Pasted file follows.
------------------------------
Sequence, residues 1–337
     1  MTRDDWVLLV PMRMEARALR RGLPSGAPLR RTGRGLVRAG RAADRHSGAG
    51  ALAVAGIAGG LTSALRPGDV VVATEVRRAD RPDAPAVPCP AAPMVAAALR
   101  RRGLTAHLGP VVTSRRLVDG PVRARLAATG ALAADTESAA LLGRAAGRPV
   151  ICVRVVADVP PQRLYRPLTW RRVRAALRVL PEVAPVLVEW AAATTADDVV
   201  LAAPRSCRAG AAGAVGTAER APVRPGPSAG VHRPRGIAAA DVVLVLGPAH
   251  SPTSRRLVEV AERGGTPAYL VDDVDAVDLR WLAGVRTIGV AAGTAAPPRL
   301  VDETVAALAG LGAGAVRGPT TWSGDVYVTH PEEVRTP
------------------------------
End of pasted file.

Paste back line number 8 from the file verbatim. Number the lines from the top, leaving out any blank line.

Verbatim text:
   301  VDETVAALAG LGAGAVRGPT TWSGDVYVTH PEEVRTP